Just how much food should you give your baby when weaning? Portion sizes for children has become a big thing recently in the wake of efforts to get us into healthy eating habits early on. But it's hard to know and, of course, every baby is different.
Indeed, 'how much' is a question we hear a lot at MadeForMums, along with when to ditch purées and move to mashed and chopped foods.
So we've worked with registered nutritionist and founder of child nutrition consultancy Happy Eaters, Sam Perkins, to give you a visual guide to portion size and texture - month by month.
We've used a baby bowl and plate, and put a 50p in every photo, so you can get a clear idea of size and proportions. Plus Sam has outlined how much food this actually equals.
We’ve focused on purées and finger foods rather than baby led weaning – but it’s relevant for BLW too in the later months.
Now, of course, this can only be a rough guide. We don't need to say again, (but we will), all babies are different and will respond to solid food differently. Some may love it from that very first spoon, others may struggle for a few weeks and most will be somewhere in between.
“Babies are so varied that everything is normal,” confirms Sam. “So go with your instinct and your baby’s appetite. It’s about making it a positive experience for you and your baby.”
How much? Up to one tablespoon of a smooth fruit or vegetable purée, once a day
Current NHS guidelines advise starting weaning at 6 months, although some parents do start a little before the 6 month mark. Always check with your GP or health visitor first if you want to start solids early – but never begin before 17 weeks.
“At this first stage, solid food is supplementary to milk so your baby’s milk intake should not decrease with the addition of solids,” explains Sam.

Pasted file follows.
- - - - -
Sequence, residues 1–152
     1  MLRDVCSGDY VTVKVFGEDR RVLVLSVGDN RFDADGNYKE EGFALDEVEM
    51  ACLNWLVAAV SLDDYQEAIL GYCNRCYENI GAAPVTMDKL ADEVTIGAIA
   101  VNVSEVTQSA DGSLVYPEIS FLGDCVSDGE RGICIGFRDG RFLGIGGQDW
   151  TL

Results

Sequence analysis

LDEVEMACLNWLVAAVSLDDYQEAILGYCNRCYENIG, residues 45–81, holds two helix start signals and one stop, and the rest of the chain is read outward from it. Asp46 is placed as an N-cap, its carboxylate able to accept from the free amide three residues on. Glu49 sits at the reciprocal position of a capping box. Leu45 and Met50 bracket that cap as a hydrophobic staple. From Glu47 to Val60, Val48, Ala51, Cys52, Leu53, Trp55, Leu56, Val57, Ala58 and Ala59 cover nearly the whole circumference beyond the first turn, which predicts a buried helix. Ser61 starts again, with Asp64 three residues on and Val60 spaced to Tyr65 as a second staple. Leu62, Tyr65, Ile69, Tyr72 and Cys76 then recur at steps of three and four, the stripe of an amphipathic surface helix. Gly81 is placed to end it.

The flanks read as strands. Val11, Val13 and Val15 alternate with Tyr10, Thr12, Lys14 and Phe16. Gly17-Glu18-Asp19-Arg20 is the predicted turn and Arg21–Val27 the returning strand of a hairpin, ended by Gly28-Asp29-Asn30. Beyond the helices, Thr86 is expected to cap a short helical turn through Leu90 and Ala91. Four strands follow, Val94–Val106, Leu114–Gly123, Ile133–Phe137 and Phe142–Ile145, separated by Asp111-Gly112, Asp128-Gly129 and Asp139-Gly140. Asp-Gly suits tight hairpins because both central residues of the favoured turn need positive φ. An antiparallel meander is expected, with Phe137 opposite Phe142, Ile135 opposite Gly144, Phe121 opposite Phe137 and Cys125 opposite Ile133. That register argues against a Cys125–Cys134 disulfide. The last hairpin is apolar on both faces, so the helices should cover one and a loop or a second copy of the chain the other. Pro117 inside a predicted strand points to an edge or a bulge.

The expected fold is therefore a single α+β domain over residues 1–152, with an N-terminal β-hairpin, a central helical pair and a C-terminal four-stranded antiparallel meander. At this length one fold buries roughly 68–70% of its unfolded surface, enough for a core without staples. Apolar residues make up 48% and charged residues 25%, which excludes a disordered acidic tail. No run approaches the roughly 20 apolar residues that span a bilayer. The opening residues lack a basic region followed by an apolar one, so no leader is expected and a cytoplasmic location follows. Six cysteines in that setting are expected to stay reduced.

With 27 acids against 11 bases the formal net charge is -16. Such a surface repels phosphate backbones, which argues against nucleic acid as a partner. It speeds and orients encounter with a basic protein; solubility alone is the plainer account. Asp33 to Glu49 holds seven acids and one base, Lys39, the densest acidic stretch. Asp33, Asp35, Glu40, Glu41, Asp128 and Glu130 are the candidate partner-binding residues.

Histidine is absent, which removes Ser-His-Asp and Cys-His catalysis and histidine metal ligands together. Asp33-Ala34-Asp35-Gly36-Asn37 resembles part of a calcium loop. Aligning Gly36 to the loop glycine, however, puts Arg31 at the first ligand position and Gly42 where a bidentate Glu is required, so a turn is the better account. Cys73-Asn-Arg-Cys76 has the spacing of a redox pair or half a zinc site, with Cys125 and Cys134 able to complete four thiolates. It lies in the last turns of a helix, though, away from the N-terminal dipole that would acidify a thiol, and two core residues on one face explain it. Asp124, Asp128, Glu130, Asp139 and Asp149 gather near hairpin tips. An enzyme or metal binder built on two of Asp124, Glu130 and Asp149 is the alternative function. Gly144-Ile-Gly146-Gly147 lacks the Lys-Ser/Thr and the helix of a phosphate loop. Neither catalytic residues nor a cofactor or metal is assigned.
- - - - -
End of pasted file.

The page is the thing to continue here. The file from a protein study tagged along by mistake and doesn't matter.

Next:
First month of weaning – once you’ve got going
How much? One tablespoon of a more textured purée, twice a day
Offer fish, meat and dairy products once your baby is past 6 months. If you’ve started weaning early then carry on with vegetable and fruit purées, adding an extra mealtime once your baby is keen, says Sam.
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If your baby is already more than six months, recipes can now be made with regular cow’s milk, rather than formula or breast milk. Try offering water at mealtimes in a lidded, free-flow beaker with handles.
How much? Two-three tablespoons of a purée with lumps in it, up to three times a day
A portion around the size of a Weetabix soaked in milk is about right at this stage, notes Sam.
“Some finger foods on the side, such as some steamed broccoli or steamed carrot in batons, are a good addition to your baby’s meal now.”
How much? Around four tablespoons in total of mashed or chunky purée and finger foods at each meal, three times a day
As each baby is different, some may prefer a smoother texture, while others will be quite happy to munch on a lumpy meal. If your baby prefers less texture, try mashing foods like rice.
“Some babies will also want dessert too,” points out Sam. “Try yoghurt with fruit - about two-three tablespoons.
“Even if your baby doesn’t seem that interested in food, I would give three opportunities to explore food each day at this age.”
How much? Around four tablespoons of chopped food, plus two-three tablespoons of dessert
Babies can manage much less smooth foods at this age and with red meats, Sam recommends minced meat and slow cooking so the meat is less chewy.
“It’s really common for babies from 8-9 months and older to decide they want to do everything themselves so some babies will refuse a spoon or want to do it themselves,” she explains. “This is fine and totally normal.”
How much? Around 100g or 4-5 tablespoons of chunky food at each meal, plus a dessert
As your baby becomes more independent, she might enjoy picking up lots of different coloured and textured foods to accompany her meal. Try cucumber batons, breadsticks, fingers of toast, red pepper fingers, or other veggie sides.
“Remember it’s normal for babies to have days of not eating much too,” says Sam. “Your baby might be teething, tired, hot, or you’re on holiday, which can all affect appetite.”
How much? Around 120g or 5-6 tablespoons of chunky food, plus a dessert
“You are generally looking at not blending at all at this age,” says Sam. “The amount depends very much on the meal ingredients but around 5-6 tablespoons plus a pudding would be about right.
“You can also try deconstructing food to make it easier for your baby to eat, by giving her the elements of the meal separately.”
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